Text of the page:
A band so far up my street they might as well be kicking my front door in” – Phil Taggart, BBC Radio 1

Irish noise-pop / alt-rock sextet THUMPER are releasing their hotly anticipated debut LP “Delusions of Grandeur” on March 18th 2022 – much to the delight of their rabid fans and enthusiastic tastemakers alike.

Over the last 2 years the Dublin 6 piece have been developing their sound, and building an increasingly passionate fanbase. With a line up of 2 drummers and 4 guitarists, THUMPER’s maximalist wall of sound has long since set them apart in the booming Dublin music scene, and has them “punching like heavyweights alongside Fontaines DC and The Murder Capital” (Chris Hawkins, BBC Radio 6).

Delusions of Grandeur reveals THUMPER’s trademark penchant for saccharine melody and unabashed hooks, all the while set against their signature psych-drenched rumble. This harsh juxtaposition of sweet and caustic is where THUMPER thrive.


Sometimes these two elements live shoulder to shoulder fighting for space (hear the final chorus of Fear of Art as it reaches a clean anthemic climax before devolving in a scree of feedback, only to allow a gentle melody to emerge from the chaos once more). Sometimes one completely overtakes the other (Strychnine begins as a welcomed breather from the album’s relentless forward momentum, only to be swallowed by fuzz moments later).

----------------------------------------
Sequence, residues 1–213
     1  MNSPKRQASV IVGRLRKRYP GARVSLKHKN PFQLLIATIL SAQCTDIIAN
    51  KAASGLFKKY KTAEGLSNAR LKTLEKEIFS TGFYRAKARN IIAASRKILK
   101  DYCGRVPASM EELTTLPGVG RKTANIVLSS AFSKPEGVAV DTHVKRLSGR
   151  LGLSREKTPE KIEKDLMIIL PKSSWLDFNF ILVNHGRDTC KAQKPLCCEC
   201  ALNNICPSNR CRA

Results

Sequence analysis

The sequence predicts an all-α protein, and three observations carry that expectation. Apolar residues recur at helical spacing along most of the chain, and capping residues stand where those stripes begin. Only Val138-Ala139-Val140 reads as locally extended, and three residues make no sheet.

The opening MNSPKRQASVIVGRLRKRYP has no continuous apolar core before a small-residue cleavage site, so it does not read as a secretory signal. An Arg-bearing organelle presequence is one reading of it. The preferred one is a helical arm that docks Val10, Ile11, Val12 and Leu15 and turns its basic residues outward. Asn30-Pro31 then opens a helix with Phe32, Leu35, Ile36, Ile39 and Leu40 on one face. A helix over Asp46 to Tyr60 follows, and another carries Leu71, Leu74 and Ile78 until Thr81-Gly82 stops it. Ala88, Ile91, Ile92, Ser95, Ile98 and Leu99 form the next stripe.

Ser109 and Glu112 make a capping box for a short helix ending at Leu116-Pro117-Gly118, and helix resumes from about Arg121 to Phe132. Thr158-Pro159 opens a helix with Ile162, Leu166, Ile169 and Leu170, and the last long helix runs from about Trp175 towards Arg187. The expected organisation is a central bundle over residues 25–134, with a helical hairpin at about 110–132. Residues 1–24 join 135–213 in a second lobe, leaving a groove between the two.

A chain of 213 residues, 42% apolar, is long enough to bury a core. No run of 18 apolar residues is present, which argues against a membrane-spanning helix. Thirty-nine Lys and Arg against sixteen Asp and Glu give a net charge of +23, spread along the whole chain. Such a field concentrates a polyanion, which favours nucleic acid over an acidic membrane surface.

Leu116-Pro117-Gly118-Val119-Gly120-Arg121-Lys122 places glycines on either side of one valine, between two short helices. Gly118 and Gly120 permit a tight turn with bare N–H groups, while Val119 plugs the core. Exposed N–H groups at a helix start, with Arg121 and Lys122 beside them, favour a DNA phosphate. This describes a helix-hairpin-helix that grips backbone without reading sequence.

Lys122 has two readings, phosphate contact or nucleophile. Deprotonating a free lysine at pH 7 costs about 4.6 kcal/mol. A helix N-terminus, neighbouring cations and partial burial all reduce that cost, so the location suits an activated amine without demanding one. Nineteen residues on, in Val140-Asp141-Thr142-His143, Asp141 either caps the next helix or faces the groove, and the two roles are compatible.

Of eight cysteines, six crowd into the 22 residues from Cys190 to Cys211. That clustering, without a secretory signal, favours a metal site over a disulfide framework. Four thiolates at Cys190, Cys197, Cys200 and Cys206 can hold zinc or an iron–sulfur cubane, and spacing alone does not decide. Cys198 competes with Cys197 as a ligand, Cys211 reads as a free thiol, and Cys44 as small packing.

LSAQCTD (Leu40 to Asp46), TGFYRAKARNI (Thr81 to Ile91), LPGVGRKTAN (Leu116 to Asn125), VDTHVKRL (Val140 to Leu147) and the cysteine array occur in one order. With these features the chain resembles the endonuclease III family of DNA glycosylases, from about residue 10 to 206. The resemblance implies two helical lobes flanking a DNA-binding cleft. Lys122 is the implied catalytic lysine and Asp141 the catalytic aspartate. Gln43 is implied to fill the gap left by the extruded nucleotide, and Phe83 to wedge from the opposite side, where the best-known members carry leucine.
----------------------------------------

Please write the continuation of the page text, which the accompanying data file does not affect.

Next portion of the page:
While Delusions of Grandeur features plenty of homages to classic alt rock such as Weezer, Pixies or The Dandy Warhols, it is also steeped in the influence of contemporaries such as Viagra Boys, King Gizzard, Shame and even Idles at their most psychedelic. At other points the sheer bombastic nature of its production recalls Irish psych alumni My Bloody Valentine on Loveless, or no wave veterans Sonic Youth on Daydream Nation.

Nowhere is this bombastic recording process more apparent than on the record’s final act – the 20-minute Overbite Suite consisting of three songs recorded and performed as one long piece – this epic attempt at pushing past the mold of what a ‘song’ can be, in part justified by the album’s title.